In RT-PCR, fluoro-labeled probes are used, Instead of simple complementary primers. However, the probes are not so long as it is used in the southern blot.
Once the fluoro-labeled probe is bound to its complementary sequence, it will give a signal to the machine which monitors the amplification process of that particular fragment.
Based on the fluorescent signals obtained, it creates different peaks for different repeats. Here, gel electrophoresis doesn’t require therefore this technique is so fast and very reliable.
We can calculate the number of repeats present in different samples. A pictorial representation of three different DNA bands of mother, child, and father is shown in a figure below,
In addition to this, using DNA sequencing, sequence variations like SNP (Single Nucleotide Polymorphism) or other mutations can also be determined. In forensic analysis, RT-PCR with the capillary gel electrophoresis is used for accurate calculation of repeat numbers and separation of different fragments.
Step 4: Analysis of results
As we discussed, using the southern blotting, agarose gel electrophoresis, capillary electrophoresis, real-time amplification, and DNA sequencing, the results for various DNA profiling can be obtained in which rt-PCR and sequencing are frequently used in forensic.
Step 5: Interpreting results
By comparing DNA profiles of various sample variations and similarities between individuals can be identified. Notably, the entire process is now almost automated. We do not have to anything, the computer gives us the final results.
Applications of DNA fingerprinting:
Using the DNA fingerprinting method, the biological identity of a person can be revealed. For validating one’s identity, there is no other better option than DNA fingerprinting.
Badly damaged dead bodies can be identified.
It is used to detect maternal cell contamination.
One of the major drawbacks of prenatal diagnosis is maternal cell contamination. The amniotic fluid or CVS sample contains the maternal DNA or maternal tissue, sometimes.
Contamination increases the chance of false-positive results, especially in the case of carrier identification.
Using VNTRs and STRs markers with PCR-gel electrophoresis, maternal cell contamination can be identified during pregnancy genetic testing.
One of the most important applications of the present technique is in the crime scene investigation and criminal verification.
The sample is collected from the crime site which could be saliva, blood, hair follicle, or semen. DNA is extracted and analyzed against the suspect, using the two markers we explained above. By matching DNA band patterns criminal’s link to crime can be established.
Different countries have different criteria to use STRs. 13, 11 and 12 STRs are commonly used in criminal verification in the USA, UK, and India, respectively. As the number of STR markers increases the accuracy of the result also increases.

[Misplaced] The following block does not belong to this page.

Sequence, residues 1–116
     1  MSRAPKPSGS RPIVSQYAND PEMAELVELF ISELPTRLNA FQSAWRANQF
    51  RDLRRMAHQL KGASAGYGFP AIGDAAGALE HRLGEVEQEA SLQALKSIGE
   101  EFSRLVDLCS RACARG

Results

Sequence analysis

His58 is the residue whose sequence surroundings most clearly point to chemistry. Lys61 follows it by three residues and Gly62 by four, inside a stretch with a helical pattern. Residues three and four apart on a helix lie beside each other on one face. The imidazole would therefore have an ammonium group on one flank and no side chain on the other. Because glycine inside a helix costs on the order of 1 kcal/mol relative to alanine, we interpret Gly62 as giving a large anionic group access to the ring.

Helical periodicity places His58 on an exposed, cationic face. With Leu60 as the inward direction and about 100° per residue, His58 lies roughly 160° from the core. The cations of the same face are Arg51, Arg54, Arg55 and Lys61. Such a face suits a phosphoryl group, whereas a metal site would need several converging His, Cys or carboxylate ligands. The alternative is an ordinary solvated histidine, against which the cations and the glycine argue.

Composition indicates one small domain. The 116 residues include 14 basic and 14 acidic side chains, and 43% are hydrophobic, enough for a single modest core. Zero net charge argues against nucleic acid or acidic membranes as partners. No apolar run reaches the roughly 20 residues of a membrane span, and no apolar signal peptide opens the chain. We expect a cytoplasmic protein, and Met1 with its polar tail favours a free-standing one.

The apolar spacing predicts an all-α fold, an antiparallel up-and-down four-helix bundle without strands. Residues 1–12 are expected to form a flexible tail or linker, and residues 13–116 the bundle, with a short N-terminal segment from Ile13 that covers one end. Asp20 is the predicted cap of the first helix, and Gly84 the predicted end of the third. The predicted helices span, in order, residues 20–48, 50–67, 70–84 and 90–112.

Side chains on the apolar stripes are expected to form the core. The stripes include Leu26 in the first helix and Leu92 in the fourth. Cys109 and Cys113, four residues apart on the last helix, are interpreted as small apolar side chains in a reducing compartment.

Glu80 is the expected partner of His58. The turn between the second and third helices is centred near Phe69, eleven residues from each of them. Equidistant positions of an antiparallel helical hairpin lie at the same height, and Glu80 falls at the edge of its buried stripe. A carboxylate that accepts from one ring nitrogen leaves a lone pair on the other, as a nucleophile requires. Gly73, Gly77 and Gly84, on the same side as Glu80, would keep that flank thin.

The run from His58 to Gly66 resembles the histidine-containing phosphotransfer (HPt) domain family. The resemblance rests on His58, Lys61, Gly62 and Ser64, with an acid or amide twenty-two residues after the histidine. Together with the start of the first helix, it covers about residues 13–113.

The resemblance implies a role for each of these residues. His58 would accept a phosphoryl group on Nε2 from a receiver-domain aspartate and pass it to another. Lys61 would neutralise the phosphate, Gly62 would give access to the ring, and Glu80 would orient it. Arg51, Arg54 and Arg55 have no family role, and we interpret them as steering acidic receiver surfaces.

Identification of blood relatives:
No two individuals are genetically identical. To establish or to know blood relation between two unrelated individuals, the present method is adopted.
Besides these, the present method is often employed for checking graft rejection in case of organ transplantation. Known as HLA typing, different markers of HLA region genes are amplified and matched between donor and recipient.
The exact match score indicates graft acceptance. This means an organ can be transplanted.
Moreover, scientists use the present method to screen inherited & non-inherited disease, to find genetic abnormalities, to detect any genetic disorders or mutations, and to create phylogeny between various organisms.
My experience of DNA fingerprinting
During my tenure of prenatal research, instead of following the standard protocol with STR or VNTR, I had prepared my own combination of markers.
I had selected 4 VNTRs, 3 STR, 1 mitochondrial DNA marker and 1 Y chromosome-specific STR for the detection of maternal cell contamination.
Mitochondrial DNA is additionally a great tool for verifying individuals. As different cells have different numbers of mitochondria, the number of mitochondrial DNA also varies among individuals. Y specific marker helps in gender verification. This one is always included in forensic analysis.
Since long, scientists are using DNA fingerprinting for various applications. Notwithstanding, changes kept occurring from time to time, to make the technique more accurate. PCR is a powerful tool. It has given accuracy, sensitivity, precision, and low-cost assay to DNA fingerprinting.
Still, restriction digestion is one of the most popular assays utilized to teach students genetic testing.